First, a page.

Mr. Key said in a television interview that crews would work through the night to find and rescue people who are trapped in the collapsed buildings. He said 350 military troops were already at work in the city and another 250 were on the way to relieve them.
The prime minister described seeing residents sitting by the side of the road with their heads in their hands and said the city of about 350,000 people is "in absolute agony." He said offers of help have been received from the United States and Australia.
Radio New Zealand reporter Laura Davis told VOA from Auckland that search-and-rescue teams were being flown in from around the country and that the government has accepted an offer of help from neighboring Australia.
She said 70 army medical staff have been deployed to help the city's overtaxed emergency crews and that up to 400 army troops had been sent to help seal off the most affected areas. The city's airport was shut down and many roads are impassible.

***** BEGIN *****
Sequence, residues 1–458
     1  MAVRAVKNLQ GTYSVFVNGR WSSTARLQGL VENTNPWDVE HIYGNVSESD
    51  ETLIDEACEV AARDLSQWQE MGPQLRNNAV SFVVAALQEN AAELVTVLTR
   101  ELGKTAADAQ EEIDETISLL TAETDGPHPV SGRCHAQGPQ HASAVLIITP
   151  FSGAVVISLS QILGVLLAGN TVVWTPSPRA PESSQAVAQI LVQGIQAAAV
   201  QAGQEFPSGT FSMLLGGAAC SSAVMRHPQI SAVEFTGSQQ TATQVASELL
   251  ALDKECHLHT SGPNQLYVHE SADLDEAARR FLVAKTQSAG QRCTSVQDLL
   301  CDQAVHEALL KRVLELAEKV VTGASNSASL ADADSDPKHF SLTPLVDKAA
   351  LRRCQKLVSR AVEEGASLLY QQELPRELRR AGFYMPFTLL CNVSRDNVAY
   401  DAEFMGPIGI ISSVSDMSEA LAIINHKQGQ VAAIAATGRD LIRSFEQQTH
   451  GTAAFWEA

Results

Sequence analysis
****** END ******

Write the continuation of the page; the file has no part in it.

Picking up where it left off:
Davis also said schools had let out shortly before the quake and that many children were walking home when it struck. She said it was not clear what had happened to them.
The U.S. Geological Survey said the quake was centered five kilometers from Christchurch and at a depth of just four kilometers. Government seismologist Bill Fry told VOA that made it much more intense than the stronger quake that hit the city in September.
Fry explained that during the 10-second temblor, the ground was accelerating more rapidly "than the rate of an apple falling out of a tree."